Friday, January 11, 2019

Brass Target

On December 21, 1945, General George Patton died as a result of injuries sustained in a car crash. The 1970s were a period when conspiracy theory books and movies were a big thing, so it is perhaps not surprising that somebody would revisit Patton's death and suggest that it was not a car accident, but an assassination. After all, Patton did have quite a few political opponents. Anyhow, that novel was adapted into the movie Brass Target.

George Kennedy plays General Patton, who at the beginning of the movie is dealing with a pretty substantial problem. A train of Reichsbank gold that was being transported for safekeeping to Frankfurt was waylaid in a tunnel, and the $250 million in gold (quite a sum for 1945) stolen. Worse, the US Army soldiers guarding the train were all killed. So you can see why Patton would want to find out who did it. Plus, the Soviets aren't happy with him.

The first suspect is Maj. Joe De Lucca (John Cassavetes). De Lucca was a former member of US military intelligence, and he came up with the plan for stealing Nazi gold from the Nazis that was used by somebody else to steal the Nazi gold from the Americans. Since military justice doesn't work quite like the innocent until proven guilty of the American system, especially in an occupation zone, De Lucca decides that he'd better investigate the case himself and figure out who did it in order to prove that he didn't.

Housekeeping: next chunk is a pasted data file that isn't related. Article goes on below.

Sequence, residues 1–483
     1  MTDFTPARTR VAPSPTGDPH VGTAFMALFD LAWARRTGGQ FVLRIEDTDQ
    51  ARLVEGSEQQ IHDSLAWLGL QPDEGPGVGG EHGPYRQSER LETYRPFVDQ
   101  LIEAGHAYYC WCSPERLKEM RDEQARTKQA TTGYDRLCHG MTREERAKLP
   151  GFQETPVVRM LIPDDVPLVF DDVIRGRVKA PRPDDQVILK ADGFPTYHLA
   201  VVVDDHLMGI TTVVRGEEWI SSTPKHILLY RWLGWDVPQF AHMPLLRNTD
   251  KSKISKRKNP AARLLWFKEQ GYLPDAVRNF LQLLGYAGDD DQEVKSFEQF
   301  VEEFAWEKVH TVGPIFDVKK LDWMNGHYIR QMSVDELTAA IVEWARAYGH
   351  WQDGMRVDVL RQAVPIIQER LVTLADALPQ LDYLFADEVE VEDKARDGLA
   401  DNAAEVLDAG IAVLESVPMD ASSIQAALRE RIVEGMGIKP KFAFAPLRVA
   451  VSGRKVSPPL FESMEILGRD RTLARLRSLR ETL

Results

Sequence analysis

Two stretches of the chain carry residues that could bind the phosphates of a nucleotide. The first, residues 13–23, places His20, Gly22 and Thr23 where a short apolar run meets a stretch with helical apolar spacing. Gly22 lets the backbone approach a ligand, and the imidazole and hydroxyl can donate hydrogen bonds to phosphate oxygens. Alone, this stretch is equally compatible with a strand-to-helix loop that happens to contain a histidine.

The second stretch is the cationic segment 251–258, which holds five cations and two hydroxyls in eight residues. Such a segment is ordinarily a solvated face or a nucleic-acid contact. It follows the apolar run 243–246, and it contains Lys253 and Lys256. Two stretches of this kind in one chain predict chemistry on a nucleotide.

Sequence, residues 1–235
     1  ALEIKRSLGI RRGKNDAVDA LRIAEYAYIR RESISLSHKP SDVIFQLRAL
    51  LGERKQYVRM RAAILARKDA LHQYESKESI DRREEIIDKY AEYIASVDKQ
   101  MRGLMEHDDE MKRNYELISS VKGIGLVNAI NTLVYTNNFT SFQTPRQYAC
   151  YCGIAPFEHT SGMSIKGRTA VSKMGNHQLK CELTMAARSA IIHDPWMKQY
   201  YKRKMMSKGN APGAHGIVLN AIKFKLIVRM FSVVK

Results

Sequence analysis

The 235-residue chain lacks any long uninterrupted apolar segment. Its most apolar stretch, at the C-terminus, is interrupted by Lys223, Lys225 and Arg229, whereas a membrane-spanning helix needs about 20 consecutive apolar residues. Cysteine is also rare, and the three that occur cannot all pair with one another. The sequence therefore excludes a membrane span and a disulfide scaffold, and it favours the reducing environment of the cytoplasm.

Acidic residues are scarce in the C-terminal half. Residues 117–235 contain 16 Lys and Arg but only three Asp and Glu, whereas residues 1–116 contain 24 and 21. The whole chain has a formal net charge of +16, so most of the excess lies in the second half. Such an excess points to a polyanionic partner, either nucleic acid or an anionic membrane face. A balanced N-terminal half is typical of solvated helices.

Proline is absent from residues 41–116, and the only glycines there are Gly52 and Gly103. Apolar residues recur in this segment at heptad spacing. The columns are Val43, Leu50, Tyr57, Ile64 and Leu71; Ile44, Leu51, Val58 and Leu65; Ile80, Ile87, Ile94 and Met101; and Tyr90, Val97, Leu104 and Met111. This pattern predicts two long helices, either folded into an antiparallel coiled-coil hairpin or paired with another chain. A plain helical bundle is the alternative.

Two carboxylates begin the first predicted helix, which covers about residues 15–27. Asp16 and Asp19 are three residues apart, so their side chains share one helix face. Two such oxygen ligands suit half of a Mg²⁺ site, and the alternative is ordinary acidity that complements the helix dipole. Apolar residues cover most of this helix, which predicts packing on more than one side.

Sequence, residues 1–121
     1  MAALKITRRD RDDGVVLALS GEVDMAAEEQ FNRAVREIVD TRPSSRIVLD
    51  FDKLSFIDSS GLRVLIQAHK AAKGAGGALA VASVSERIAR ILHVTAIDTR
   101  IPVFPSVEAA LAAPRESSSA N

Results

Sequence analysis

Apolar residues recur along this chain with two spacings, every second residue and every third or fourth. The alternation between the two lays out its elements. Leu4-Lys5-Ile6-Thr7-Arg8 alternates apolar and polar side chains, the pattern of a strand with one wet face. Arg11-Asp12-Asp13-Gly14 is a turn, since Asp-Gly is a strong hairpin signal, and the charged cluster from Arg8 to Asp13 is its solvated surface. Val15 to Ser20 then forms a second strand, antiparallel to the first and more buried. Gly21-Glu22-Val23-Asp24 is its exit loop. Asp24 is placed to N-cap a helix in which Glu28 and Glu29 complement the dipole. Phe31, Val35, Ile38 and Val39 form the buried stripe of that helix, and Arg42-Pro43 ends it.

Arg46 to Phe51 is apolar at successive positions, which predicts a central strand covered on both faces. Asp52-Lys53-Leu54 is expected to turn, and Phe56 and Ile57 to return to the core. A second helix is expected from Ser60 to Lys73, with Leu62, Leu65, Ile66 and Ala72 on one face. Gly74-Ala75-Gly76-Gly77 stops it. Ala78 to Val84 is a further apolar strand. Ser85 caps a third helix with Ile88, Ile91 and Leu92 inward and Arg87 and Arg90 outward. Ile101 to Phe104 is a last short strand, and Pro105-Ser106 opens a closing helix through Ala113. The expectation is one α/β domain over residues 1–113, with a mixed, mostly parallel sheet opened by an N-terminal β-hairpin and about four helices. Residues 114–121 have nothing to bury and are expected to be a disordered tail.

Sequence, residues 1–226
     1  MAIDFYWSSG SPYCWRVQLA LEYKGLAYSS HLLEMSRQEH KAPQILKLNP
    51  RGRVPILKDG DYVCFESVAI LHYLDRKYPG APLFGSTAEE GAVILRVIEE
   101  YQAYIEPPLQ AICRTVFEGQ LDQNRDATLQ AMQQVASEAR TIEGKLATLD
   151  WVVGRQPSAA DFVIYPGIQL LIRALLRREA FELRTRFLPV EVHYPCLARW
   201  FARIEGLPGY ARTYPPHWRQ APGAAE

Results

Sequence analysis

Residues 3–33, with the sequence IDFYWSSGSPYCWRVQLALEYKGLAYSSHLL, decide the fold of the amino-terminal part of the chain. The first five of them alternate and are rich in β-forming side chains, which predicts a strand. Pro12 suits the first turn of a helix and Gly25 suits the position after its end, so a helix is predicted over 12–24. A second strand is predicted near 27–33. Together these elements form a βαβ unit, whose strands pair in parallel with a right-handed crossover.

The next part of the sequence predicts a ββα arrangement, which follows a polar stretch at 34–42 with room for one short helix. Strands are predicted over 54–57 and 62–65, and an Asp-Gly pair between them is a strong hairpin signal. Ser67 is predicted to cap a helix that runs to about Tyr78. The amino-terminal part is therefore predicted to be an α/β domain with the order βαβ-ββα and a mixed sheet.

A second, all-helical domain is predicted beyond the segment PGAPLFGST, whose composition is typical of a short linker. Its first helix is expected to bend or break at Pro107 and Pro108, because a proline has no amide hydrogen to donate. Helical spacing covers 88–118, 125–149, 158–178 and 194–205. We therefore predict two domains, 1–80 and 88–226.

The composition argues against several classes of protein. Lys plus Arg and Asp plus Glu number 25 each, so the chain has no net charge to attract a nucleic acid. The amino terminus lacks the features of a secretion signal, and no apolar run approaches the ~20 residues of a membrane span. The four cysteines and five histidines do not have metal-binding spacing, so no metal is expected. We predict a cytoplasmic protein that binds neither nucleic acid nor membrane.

We learn fairly early that it's an inside job, as a group of OSS men led by Col. Rogers (Robert Vaughn) is behind the heist. Worse, when Maj. De Lucca meets his old girlfriend Mara (Sophia Loren). She discovers that another former boyfriend, Shelley Webber (Max von Sydow), now of a refugee resettlement organization in Switzerland, is really a professional assassin and is being hired by Rogers to kill Patton! Now she and De Lucca have to stop that.

Of course, we know from history that they don't prevent Patton's death, although whether or not he was assassinated is a different question. But Webber leaves a lot of carnage in his wake before the end of the movie.

Brass Target is an interesting idea, but one that doesn't quite succeed in the execution. It's slow, and has a difficult plot to follow. Kennedy has the difficult task of playing Patton when George C. Scott's bravura portrayal of the general was still fresh in the moviegoing public's memory. Kennedy does the best he can, and thankfully it's not the biggest role in the movie. Everybody else tries, but it hamstrung by the poor script.

Brass Target is available on DVD from the Warner Archive, if you want to watch and judge for yourself.

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